LARAMIE — At 86 years old, Sadie Dumler lives alone on Fort Buford Lane just shy of city limits, in a cement house built by her late husband, Elmer, more than six decades ago.
Next door is a red shed with no bathroom and no running water — the first place she and Elmer lived following their wedding in 1950.
“Elmer started working on our house after work (and) on weekends,” Sadie said. “He dug the basement — a 25-by-30 foot — by hand. He didn’t have any power equipment to do it. And he made cement blocks on a machine that made one block at a time.”
In failing health, Sadie passes her time watching TV or reading romance and Western novels. Ordinarily, doctors’ appointments are the only reason she leaves the house.
If Sadie has a medical emergency, she will likely die in her house, on the ramp from her front door, or on Fort Buford Lane itself — a caricature of a road made up of water-filled ditches and dirt mounds running parallel to the Albany County Fairgrounds. Even four-wheel drive vehicles have to “slow to an idle” just to navigate the severely damaged dirt road.
“I worry about my mom,” said Sadie’s daughter Marian Sellers, who lives in her own house on the other side of the red shed. “She’s elderly, she’s got diabetes, she’s on oxygen, she has a walker … But if she has another heart attack, or something goes south, and her life depends on an ambulance getting to her fast with help, she will literally die.”
Marian once watched as an ambulance struggled along the one-tenth mile stretch of Fort Buford Lane to her mother’s house.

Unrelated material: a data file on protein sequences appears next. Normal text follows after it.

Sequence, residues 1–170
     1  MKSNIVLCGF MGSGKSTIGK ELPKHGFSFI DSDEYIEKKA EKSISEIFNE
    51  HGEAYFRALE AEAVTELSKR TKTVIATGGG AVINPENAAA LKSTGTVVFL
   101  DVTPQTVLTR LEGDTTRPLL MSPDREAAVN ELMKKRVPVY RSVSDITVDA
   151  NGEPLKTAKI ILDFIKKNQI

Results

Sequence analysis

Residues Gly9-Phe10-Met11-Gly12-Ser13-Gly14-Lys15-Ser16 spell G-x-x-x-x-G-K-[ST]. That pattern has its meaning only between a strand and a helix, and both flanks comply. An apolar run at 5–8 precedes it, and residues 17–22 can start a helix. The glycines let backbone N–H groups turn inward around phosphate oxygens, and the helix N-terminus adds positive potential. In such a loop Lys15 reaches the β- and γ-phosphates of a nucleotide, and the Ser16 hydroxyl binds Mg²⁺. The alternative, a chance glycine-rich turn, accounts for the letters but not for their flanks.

“Last time I had to call an ambulance, my mom fell and she wasn’t hurt, but I don’t have the oomph to get her up,” Marian said. “And so, they came out and I watched where they turned off down here — I was standing with the flashlights so they know where to turn — but it took them a good five minutes after they got off the pavement to get into the yard.”
Who should be responsible for maintenance of the road is a matter of dispute between Albany County and residents of Fort Buford Lane. Since the road is private, the Albany County Commission bears no legal responsibility for its condition and encourages residents to form a road improvement district to manage repairs and maintenance for themselves.
“From a legal perspective, it’s the property owner’s responsibility,” Albany County Commissioner Heber Richardson said. “I suppose the County Commissioners could choose to appropriate a piece of road and make it a county road but we’re not Campbell County. If we had money laying around, I’d do it in a heartbeat.”
Marian said the residents of Fort Buford are too poor to take on such a massive project themselves — and that poverty means it is all too easy for them to be forgotten.
Marian has never been rich. She worked at Monolith Cement for 13 years, then with the University of Wyoming motor pool for 27 years. She said most of her neighbors on Fort Buford Lane are also low- or fixed income and have lived on the road their entire lives, or have no other place to go.
“I can’t afford to buy another place,” Marian said. “This place is paid for. My house and everything is paid for. I don’t have to pay rent. I pay my property taxes, I pay all my utilities and stuff, but I can’t afford to start all over. I’m 68 years old. Would you want to start all over again?”
Isolated from emergency responders, school buses and meal delivery programs, the residents of Fort Buford Lane go without many vital services despite living within eyeshot of city limits.